60. A method for modeling a financial value Pt of at least one financial instrument, the method comprising:
providing time-parameter data {{circumflex over (T)}, n=1,2 . . . } corresponding to an approximation of a fractal activity time process, wherein δ is a size of a time step; and
using {{circumflex over (T)}} to model the financial value Pt of the at least one financial instrument, wherein Pt is represented by model data {P, n=1,2, . . . }, where P=Po exp[μnδ+σW({circumflex over (T)})], Po is an initial value of Pt, μ and σ are constants, and W({circumflex over (T)}) is a standard Brownian motion function of {circumflex over (T)}.
61. A method according to claim 60, wherein Pt comprises the price at time t of a traded asset.
62. A method according to claim 60, wherein Pt comprises the price at time t of a publically traded financial security.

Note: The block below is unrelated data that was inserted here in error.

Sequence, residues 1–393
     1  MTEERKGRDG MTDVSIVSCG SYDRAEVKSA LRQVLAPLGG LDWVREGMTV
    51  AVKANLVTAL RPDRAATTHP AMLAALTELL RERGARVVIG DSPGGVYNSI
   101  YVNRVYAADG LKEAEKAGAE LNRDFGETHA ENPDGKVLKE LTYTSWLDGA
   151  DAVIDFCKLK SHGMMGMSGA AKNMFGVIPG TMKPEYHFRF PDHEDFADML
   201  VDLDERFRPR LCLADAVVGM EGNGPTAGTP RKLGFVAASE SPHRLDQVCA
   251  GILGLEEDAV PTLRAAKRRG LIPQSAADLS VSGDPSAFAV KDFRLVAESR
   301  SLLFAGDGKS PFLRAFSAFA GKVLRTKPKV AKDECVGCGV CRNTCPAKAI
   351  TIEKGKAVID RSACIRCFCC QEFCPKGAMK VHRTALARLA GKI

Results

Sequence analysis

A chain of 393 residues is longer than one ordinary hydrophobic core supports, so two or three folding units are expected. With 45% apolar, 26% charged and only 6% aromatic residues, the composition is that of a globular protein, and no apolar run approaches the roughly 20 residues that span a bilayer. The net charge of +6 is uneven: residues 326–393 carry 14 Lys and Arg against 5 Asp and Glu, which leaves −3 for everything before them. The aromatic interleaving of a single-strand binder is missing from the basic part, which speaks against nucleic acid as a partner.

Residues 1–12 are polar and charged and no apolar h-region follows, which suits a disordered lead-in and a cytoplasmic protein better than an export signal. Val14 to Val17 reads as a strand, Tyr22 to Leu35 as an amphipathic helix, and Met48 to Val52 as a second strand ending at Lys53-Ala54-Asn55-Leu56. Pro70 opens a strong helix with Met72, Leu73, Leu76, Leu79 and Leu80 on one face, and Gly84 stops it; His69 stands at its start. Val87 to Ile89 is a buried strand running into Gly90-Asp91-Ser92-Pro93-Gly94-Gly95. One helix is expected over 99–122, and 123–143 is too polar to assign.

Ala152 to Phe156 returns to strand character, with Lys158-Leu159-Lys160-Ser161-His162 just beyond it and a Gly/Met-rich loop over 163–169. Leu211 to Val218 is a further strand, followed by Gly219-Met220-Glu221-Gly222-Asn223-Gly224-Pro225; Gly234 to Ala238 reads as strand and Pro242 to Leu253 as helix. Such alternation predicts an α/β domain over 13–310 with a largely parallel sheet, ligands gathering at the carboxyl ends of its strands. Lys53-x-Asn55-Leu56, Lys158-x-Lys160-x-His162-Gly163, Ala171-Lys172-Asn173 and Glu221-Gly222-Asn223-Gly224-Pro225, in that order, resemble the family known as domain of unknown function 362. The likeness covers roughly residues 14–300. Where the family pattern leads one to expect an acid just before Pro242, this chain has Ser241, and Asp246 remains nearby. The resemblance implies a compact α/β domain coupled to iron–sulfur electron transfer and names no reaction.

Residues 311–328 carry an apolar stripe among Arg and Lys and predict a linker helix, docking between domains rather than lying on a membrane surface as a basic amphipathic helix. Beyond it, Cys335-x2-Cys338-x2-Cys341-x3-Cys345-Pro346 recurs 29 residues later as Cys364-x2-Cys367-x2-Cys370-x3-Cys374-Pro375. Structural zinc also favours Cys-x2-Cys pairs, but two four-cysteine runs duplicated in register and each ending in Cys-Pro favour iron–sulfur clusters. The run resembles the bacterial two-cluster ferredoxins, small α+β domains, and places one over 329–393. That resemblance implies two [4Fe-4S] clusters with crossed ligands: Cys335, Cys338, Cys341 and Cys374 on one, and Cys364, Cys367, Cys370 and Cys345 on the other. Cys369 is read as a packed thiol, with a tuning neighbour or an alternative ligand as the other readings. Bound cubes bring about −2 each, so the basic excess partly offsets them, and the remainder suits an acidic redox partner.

63. A method according to claim 60, wherein Pt comprises an index of the prices at time t of publically traded financial securities.
64. A method for valuating a call option for a traded financial asset where time parameter data generated from price data of the asset over time exhibits at least one of fractal scaling and self similarity, the call option giving a holder the right, but not the obligation, to purchase the asset for an exercise price K at a maturity time t1, the method comprising the steps of determining the value C(t,t1,K) of the call option at time t using the relation
C(t,t 1 ,K)=P t E[Φ(d(t 1 ,t))]−K exp(r(t−t 1))E[Φ(d(t 1 ,t)−σ(T t 1 −T t)1/2],
where Φ ( x ) = 1 2 π - x e - 1 2 u 2 u
is the distribution function of the standard normal and r is a fixed interest rate for bonds and d ( t 1 , t ) = log ( P t / K ) + r ( t 1 - t ) + 1 2 σ 2 ( T t 1 - T t ) σ ( T t 1 - T t ) 1 2
with the expectation being taken over the distribution Tt 1 −Tt, where
T t 1 −T t dt 1 −t+(t 1 −t)κ(T 1−1),
where d denotes equality in distribution and κ is a fractal scaling parameter, T1 having a scaled generalized inverse Gaussian distribution having a probability density of the form g v ( x ) = ( ( v - 2 ) / 2 ) v / 2 Γ ( v / 2 ) x - v / 2 - 1 e - ( v - 2 ) / 2 x ,
where x>0, v>2, Γ is the gamma function and v is a fixed parameter estimated from the time parameter data and x is a dummy variable defining gv(x) over the interval (0, ∞) .